February 15th, 1942: The New York Times initially regarded crosswords as frivolous, calling them “a primitive form of mental exercise”; the motivating impulse for the Times to finally run the puzzle (which took over 20 years even though its publisher, Arthur Hays Sulzberger, was a longtime crossword fan) appears to have been the bombing of Pearl Harbor.

In a memo dated December 18, 1941, an editor conceded that the puzzle deserved space in the paper, considering what was happening elsewhere in the world and that readers might need something to occupy themselves during blackouts. The puzzle proved popular, and Sulzberger himself would author a Times puzzle before the year was out.

June 2nd, 1944: The words Omaha (codename for one of Normandy’s beaches), Utah (another Normandy beach codename), Overlord (the name for the plan to land at Normandy on June 6th), mulberry (nickname for a portable harbor built for D-Day), and Neptune (name for the naval portion of the invasion) all appeared in Daily Telegraph crosswords during the month preceding the D-Day landing.

This has been attributed to either an incredible coincidence or Dawe somehow overhearing these words (possibly slipped by soldiers involved) and incorporating them into puzzles unwittingly.


Thanks for visiting the PuzzleNation blog today! You can like us on Facebook, follow us on Twitter, cruise our boards on Pinterest, check out our Classic Word Search iBook (recently featured by Apple in the Made for iBooks category!), play our games at PuzzleNation.com, or contact us here at the blog!

5 Questions with Puzzle Constructor Robin Stears

Welcome to the fourth edition of PuzzleNation Blog’s newest feature, 5 Questions!

We’re reaching out to puzzle constructors, video game writers and designers, writers, filmmakers, and puzzle enthusiasts from all walks of life, talking to people who make puzzles and people who enjoy them in the hopes of exploring the puzzle community as a whole.

And I’m excited to have Robin Stears as our latest 5 Questions interviewee!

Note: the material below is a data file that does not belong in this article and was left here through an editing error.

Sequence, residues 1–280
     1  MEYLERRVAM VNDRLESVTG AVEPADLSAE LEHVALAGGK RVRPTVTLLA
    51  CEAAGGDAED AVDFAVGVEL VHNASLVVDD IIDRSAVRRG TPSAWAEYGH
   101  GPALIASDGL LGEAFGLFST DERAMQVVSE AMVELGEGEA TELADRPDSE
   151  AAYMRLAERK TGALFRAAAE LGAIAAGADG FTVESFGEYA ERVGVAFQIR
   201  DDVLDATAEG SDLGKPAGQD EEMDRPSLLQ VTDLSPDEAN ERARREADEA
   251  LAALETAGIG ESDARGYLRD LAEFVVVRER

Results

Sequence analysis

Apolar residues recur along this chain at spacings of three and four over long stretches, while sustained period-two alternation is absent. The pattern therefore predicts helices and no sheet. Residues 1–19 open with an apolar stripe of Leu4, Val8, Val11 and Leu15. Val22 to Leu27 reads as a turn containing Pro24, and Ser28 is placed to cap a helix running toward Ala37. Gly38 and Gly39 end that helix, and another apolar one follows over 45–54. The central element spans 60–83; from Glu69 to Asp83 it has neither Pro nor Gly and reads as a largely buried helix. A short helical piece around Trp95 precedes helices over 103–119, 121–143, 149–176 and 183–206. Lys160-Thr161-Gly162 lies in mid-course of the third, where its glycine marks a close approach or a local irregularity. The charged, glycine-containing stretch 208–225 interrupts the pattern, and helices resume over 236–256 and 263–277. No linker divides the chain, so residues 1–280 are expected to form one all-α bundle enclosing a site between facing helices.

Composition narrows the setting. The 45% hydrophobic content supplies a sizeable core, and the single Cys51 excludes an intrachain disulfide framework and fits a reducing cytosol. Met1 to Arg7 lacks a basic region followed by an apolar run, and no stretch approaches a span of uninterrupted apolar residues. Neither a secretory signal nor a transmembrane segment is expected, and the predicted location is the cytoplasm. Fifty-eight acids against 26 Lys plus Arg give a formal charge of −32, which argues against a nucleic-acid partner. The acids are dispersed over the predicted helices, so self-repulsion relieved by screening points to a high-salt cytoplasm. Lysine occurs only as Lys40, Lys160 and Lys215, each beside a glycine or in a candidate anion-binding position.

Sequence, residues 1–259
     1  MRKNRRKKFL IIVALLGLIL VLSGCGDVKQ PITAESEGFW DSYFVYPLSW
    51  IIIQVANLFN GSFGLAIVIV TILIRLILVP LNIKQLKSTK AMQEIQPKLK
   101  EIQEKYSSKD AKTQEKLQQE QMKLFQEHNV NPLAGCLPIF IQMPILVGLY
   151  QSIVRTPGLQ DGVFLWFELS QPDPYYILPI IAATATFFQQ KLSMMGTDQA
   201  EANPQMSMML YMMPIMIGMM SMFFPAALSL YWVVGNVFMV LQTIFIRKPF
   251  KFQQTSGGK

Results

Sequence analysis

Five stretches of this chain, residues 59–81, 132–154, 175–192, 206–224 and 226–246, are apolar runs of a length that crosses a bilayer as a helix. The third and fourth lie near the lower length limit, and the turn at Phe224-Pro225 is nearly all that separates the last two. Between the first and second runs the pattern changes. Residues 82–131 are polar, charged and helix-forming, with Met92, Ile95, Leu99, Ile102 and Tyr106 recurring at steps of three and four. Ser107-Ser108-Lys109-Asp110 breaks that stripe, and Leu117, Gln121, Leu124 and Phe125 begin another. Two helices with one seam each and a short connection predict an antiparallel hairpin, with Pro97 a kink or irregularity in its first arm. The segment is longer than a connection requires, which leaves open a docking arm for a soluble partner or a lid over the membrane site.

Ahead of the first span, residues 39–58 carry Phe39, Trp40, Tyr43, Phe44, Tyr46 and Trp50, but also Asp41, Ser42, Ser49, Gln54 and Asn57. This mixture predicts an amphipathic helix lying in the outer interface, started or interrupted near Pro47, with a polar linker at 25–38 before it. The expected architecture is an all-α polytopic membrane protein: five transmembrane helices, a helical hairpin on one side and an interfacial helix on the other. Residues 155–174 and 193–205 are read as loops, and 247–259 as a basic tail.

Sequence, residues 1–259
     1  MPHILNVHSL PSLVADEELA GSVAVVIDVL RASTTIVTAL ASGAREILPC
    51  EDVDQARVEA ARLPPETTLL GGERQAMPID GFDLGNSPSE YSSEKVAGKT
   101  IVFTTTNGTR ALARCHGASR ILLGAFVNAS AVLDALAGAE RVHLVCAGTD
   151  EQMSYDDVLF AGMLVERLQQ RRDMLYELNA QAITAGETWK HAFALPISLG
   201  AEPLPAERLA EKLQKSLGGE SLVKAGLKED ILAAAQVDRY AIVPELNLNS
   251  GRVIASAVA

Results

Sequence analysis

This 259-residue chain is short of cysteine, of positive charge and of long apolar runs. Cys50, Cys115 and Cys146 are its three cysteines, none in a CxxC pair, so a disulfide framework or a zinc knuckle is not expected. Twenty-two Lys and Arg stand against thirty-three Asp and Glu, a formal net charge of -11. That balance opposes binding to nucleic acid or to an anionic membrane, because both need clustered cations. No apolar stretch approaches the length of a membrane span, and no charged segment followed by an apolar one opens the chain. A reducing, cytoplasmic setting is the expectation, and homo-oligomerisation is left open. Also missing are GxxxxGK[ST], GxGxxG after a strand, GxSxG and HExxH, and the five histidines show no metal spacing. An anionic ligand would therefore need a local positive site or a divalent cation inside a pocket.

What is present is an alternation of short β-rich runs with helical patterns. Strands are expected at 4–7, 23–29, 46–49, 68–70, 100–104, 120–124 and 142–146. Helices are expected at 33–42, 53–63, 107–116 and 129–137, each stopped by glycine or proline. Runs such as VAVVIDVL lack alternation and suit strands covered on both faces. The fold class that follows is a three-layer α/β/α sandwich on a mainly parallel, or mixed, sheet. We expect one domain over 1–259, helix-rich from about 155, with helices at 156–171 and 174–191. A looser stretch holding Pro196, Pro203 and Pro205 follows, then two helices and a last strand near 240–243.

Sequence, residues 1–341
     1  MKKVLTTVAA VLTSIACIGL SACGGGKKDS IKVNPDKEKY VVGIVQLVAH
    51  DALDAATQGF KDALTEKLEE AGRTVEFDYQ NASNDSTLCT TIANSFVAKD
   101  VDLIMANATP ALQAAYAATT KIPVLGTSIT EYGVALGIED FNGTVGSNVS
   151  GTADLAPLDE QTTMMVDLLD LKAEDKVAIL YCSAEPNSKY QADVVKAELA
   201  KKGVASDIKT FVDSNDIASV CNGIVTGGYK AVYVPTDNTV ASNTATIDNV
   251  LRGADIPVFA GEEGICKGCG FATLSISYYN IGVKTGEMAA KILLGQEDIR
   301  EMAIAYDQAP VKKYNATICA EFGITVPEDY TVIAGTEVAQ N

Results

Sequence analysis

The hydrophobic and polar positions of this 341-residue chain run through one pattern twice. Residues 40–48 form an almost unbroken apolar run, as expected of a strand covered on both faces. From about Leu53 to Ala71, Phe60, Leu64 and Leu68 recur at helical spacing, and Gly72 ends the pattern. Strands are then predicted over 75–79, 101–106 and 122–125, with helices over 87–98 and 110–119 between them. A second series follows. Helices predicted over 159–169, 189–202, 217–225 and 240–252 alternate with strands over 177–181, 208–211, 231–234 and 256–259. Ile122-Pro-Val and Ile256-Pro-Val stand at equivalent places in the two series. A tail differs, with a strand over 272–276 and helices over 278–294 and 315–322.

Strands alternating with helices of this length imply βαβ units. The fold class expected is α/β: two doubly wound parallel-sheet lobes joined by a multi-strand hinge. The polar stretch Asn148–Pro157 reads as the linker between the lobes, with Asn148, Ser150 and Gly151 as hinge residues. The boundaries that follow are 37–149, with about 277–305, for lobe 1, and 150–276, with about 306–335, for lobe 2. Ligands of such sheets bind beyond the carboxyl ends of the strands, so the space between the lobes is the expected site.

Robin is a puzzle constructor whose crosswords appear not only on her StearsWords site, but have also appeared in Penny Press/Dell and Kappa titles as well as the Los Angeles Times. Her puzzles are clever and topical, often striving to add new entries and wrinkles to the field of crossword construction and cluing.

Robin was gracious enough to take some time out to talk to us, so without further ado, let’s get to the interview!

5 Questions for Robin Stears

1.) How did you get started with puzzles?

Crossword puzzles and word games have always appealed to me, and after my first daughter was born, I was looking for a way to work at home. My mom suggested the idea of constructing crossword puzzles, since I’d been killing time solving them while I was wondering what to do. Armed with a stack of dictionaries, graph paper, and pencils, I created a puzzle, and typed it on my mom’s typewriter, and colored in the black squares with a marker. I sent my first puzzle to Janis Weiner at Kappa, who promptly sent it back with a bunch of notes. I’m very grateful to her for taking the time to explain what I did wrong. It’s because of her I decided to try again. She rejected most of my puzzles at first, but she always explained why. I consider her my mentor, but she probably doesn’t know that.

2.) You recently constructed a puzzle utilizing that most infamous of cinematic weather phenomena, the sharknado. You have a knack for releasing topical puzzles steeped in pop culture. Is this more a case of keeping your puzzles fresh (since so many crosswords slip into archaic terms and dated references), or of you constructing the kinds of puzzles you’d enjoy solving?